The United States (US) withdrawal from the Intermediate-range Nuclear Forces (INF) treaty, signed by the US president Ronald Regan and his Soviet counterpart Mikhail Gorbachev in 1987, has stunned the world. The INF treaty proved instrumental in diffusing the arms race between the two cold war rivals. However, some security analysts fear that the Washington move will cause another security dilemma between the two sides.

The US blames Russia for violating the treaty. And it is not alone in accusing Russia of violating the agreement. The North Atlantic Treaty Organisation (NATO) also believes so. Mike Pompeo argues that Russia has been violating the treaty; however, no one in Trump’s administration gives any specific example of Russian violations.

But was withdrawal the only option that the US had? Indeed, it was not the only way out to find a solution for the fears of the US and NATO. They could have hold dialogues with the Russian authorities. However, the US decision will lead to a spiral of arms acquisition and widening of mistrust between the two sides.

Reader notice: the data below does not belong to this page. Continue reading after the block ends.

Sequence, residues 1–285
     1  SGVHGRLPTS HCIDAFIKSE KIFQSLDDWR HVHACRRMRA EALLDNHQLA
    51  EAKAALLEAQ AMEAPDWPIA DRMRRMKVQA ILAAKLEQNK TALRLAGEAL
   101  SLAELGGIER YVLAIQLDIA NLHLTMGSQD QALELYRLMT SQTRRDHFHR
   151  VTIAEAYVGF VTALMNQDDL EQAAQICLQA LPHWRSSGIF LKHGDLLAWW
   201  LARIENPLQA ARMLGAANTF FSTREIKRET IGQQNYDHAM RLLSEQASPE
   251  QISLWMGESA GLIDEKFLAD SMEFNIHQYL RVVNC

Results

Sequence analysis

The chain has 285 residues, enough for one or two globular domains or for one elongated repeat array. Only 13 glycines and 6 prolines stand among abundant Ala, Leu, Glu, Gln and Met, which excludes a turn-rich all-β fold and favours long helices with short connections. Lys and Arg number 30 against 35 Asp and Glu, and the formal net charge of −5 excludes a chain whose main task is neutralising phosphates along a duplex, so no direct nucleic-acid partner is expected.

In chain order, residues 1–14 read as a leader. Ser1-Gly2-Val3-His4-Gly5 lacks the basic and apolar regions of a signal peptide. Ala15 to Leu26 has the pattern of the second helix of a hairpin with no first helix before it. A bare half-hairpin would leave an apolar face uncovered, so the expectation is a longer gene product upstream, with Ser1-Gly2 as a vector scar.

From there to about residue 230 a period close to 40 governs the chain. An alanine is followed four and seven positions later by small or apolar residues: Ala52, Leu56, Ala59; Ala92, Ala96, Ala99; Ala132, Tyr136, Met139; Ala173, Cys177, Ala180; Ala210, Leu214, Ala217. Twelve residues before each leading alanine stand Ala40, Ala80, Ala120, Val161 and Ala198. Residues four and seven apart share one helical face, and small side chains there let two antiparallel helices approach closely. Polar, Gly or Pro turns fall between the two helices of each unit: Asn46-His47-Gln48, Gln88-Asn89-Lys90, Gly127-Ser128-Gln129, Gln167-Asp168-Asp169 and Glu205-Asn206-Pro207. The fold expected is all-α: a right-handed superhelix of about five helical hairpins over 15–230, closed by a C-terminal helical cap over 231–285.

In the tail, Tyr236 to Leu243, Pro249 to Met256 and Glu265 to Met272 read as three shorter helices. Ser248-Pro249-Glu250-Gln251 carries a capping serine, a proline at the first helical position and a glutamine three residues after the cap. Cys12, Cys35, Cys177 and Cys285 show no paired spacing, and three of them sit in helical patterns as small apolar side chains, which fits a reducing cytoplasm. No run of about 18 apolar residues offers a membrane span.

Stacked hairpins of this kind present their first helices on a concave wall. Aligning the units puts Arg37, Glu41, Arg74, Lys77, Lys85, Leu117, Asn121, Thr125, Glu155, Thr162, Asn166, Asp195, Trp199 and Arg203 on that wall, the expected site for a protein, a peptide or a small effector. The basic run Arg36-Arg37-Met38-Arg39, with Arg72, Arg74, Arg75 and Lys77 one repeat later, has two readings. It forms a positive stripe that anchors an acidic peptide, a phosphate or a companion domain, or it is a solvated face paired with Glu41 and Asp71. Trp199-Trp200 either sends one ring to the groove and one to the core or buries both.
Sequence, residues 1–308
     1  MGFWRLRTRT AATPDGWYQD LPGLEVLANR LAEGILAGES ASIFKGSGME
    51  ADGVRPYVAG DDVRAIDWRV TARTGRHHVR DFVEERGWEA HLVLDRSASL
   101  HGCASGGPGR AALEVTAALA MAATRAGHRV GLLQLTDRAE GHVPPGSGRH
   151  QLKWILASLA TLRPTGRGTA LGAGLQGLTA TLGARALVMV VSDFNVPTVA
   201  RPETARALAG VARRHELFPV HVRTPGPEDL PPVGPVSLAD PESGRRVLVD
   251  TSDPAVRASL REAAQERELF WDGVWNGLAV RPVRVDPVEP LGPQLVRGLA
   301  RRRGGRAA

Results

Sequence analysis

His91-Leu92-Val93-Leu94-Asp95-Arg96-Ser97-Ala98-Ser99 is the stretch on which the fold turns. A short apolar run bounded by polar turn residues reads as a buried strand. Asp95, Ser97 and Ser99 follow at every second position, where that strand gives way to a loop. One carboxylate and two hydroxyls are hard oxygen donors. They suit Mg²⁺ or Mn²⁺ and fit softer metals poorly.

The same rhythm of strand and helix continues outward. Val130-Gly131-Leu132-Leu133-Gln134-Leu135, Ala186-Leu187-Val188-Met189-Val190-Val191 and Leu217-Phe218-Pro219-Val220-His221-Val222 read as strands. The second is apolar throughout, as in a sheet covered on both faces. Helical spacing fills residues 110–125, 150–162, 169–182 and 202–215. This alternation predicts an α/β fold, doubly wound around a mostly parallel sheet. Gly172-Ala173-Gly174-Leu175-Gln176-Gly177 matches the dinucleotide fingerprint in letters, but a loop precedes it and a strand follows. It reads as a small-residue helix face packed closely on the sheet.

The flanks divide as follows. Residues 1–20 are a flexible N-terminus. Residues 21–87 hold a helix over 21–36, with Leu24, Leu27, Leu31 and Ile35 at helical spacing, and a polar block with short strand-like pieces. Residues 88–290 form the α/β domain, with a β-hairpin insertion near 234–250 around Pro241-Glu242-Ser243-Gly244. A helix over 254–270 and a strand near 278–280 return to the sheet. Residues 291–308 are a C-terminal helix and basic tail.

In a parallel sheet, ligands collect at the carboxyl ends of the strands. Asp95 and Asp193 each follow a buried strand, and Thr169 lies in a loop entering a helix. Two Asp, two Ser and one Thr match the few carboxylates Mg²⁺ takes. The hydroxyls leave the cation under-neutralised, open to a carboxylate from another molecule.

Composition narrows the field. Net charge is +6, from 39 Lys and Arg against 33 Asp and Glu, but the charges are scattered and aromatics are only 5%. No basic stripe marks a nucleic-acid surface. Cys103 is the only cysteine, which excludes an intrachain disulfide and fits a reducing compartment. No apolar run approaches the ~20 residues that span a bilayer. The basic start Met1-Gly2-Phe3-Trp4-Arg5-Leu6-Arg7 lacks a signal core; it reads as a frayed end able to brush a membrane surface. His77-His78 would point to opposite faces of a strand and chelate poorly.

Contrary to the belief of some experts that the decision will not be a cause of any arms race between the countries, the US move has opened the doors for Russia to deploy more missiles on European soil. And this will not stop with this. The US withdrawal also opens the door for a new European missiles race.

But there’s more to the US withdrawal from the historic treaty. It isn’t just Russia that the Trump administration is worried about.  The US feels that regional competitors like China and North Korea, not bound by the INF treaty, are now able to endanger both it and its allies.

There may be various explanations for the US withdrawal from the agreement. However, the new arms race will not be limited to one between the former cold war rivals. It will attract new players as well.